Imagining the future: Community perceptions of a family-based economic empowerment intervention for AIDS-orphaned adolescents in Uganda
AbstractAIDS-orphaned children and adolescents in sub-Saharan Africa have inadequate access to basic services, including health and education. Using a qualitative approach, the study explores the meaning of education in rural Uganda, obstacles faced by AIDS-orphaned adolescents and their caregivers to access secondary education, and the potential of an economic empowerment intervention SEED in addressing the challenges of accessing educational opportunities for AIDS-orphaned adolescents. The findings come from 29 semi-structured interviews conducted with eleven adolescents study participants, four caregivers and fourteen community leaders involved in the pilot SEED intervention. Study participants and community members indicated that the savings accounts offer a unique opportunity for orphaned adolescents to stay in school and imagine the future with optimism.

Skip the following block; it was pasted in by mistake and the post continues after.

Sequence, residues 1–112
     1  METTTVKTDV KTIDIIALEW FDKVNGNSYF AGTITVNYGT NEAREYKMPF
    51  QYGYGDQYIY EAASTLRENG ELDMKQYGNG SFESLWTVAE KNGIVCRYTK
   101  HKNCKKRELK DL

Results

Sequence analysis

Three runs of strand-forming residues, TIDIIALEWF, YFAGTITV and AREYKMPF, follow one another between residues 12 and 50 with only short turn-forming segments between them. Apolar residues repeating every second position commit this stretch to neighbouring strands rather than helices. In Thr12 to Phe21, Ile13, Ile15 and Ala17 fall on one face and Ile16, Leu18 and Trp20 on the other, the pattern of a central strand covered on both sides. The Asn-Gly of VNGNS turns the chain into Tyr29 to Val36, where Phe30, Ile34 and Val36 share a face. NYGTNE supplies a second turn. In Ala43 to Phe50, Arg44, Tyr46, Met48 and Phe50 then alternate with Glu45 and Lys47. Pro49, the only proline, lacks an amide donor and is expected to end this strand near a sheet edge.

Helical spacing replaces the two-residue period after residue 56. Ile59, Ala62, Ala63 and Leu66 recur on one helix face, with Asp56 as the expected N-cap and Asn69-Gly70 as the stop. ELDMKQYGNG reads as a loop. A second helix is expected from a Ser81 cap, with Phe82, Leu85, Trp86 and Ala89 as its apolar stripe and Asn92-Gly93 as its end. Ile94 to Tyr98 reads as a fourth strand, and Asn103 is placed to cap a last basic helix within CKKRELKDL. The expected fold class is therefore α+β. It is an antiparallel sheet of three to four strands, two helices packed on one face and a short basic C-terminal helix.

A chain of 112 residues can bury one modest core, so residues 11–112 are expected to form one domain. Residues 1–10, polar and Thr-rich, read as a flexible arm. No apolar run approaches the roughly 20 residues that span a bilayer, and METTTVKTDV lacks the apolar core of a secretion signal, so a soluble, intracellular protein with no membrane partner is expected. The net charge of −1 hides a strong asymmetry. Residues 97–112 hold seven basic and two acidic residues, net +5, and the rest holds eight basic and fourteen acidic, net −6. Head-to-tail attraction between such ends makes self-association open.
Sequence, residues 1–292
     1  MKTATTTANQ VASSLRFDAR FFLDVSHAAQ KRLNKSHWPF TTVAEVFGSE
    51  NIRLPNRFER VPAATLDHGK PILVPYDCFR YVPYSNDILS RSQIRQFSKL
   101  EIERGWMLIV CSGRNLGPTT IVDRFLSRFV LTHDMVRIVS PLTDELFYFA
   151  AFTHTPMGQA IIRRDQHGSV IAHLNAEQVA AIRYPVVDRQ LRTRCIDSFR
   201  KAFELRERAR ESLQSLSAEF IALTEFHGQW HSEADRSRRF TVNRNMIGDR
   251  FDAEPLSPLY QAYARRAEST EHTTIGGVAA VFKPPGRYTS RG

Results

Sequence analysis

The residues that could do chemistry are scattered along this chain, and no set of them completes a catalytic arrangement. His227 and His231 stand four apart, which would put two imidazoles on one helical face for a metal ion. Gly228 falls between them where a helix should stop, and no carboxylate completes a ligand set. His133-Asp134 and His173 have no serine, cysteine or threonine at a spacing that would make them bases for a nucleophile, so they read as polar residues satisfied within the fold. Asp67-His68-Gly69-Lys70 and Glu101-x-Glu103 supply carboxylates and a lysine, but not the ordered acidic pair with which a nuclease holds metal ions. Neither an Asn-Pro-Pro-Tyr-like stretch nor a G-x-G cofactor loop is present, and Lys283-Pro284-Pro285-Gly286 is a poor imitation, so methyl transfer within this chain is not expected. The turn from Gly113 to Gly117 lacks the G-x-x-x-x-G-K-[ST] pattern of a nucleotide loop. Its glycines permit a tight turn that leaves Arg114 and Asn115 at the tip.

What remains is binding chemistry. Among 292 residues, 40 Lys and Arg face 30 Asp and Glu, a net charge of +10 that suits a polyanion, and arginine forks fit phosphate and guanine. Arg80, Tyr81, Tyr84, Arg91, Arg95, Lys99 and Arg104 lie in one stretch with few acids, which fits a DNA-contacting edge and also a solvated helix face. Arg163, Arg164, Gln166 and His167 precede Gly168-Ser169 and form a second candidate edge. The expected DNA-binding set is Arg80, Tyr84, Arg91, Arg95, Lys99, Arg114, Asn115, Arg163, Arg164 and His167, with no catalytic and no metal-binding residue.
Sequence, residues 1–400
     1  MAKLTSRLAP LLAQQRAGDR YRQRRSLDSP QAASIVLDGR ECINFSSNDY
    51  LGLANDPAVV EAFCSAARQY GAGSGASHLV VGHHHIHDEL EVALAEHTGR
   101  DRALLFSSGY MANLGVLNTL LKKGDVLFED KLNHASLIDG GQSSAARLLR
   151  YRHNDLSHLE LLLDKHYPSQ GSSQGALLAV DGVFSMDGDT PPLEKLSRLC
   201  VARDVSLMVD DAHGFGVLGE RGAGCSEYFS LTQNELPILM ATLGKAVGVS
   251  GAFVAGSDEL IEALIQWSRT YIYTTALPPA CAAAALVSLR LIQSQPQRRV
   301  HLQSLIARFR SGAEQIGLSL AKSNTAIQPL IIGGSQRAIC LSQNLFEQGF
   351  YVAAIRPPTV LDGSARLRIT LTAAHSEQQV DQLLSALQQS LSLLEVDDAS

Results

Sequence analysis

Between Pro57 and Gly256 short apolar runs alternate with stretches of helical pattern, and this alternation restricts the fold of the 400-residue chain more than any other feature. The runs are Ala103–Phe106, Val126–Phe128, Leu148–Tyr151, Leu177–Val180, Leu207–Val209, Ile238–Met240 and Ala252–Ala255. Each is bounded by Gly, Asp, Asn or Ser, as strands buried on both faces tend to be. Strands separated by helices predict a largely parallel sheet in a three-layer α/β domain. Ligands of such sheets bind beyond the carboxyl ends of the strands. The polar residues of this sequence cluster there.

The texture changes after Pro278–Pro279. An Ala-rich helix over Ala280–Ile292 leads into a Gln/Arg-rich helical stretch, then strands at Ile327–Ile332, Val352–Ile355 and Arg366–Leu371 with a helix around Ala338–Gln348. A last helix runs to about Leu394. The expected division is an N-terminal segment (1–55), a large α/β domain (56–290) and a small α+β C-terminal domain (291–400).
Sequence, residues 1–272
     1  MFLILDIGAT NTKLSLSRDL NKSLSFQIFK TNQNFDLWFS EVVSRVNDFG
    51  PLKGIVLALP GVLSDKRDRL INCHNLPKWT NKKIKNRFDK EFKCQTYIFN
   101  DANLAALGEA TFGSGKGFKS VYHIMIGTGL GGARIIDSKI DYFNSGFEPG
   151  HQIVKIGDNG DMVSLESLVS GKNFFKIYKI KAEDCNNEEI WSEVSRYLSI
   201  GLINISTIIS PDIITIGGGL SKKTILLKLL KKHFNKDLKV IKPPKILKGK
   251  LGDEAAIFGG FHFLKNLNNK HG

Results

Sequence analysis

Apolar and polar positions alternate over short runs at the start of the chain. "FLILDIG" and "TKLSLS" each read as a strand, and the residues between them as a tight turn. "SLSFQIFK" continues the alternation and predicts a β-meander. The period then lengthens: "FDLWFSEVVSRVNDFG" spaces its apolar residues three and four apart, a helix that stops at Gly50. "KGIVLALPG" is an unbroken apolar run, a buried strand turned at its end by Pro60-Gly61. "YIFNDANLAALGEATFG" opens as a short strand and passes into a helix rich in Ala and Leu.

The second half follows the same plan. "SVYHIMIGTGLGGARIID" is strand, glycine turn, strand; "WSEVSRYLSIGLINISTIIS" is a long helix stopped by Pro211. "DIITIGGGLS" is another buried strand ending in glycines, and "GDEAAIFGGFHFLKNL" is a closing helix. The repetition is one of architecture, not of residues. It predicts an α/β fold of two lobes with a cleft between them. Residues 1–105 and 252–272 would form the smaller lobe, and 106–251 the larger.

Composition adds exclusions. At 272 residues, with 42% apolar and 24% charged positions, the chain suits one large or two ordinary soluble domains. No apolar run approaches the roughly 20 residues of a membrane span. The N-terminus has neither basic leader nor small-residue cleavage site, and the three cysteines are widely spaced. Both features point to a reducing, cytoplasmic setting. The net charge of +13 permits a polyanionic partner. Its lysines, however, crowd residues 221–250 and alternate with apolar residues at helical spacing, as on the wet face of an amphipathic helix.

Download InfoIf you experience problems downloading a file, check if you have the proper application to view it first. In case of further problems read the IDEAS help page. Note that these files are not on the IDEAS site. Please be patient as the files may be large.
As the access to this document is restricted, you may want to look for a different version under "Related research" (further below) or search for a different version of it.
Bibliographic InfoArticle provided by Elsevier in its journal Children and Youth Services Review.
Volume (Year): 34 (2012)
Issue (Month): 10 ()
Contact details of provider:
Web page: http://www.elsevier.com/locate/childyouth
AIDS-orphaned adolescents; Orphan children; Sub-Saharan Africa; Qualitative study; Economic-empowerment intervention; Community perceptions;
Please report citation or reference errors to , or , if you are the registered author of the cited work, log in to your RePEc Author Service profile, click on "citations" and make appropriate adjustments.:
- Kathleen Burke & Kathleen Beegle, 2004. "Why Children Aren't Attending School: The Case of Northwestern Tanzania," Journal of African Economies, Centre for the Study of African Economies (CSAE), vol. 13(2), pages 333-355, June.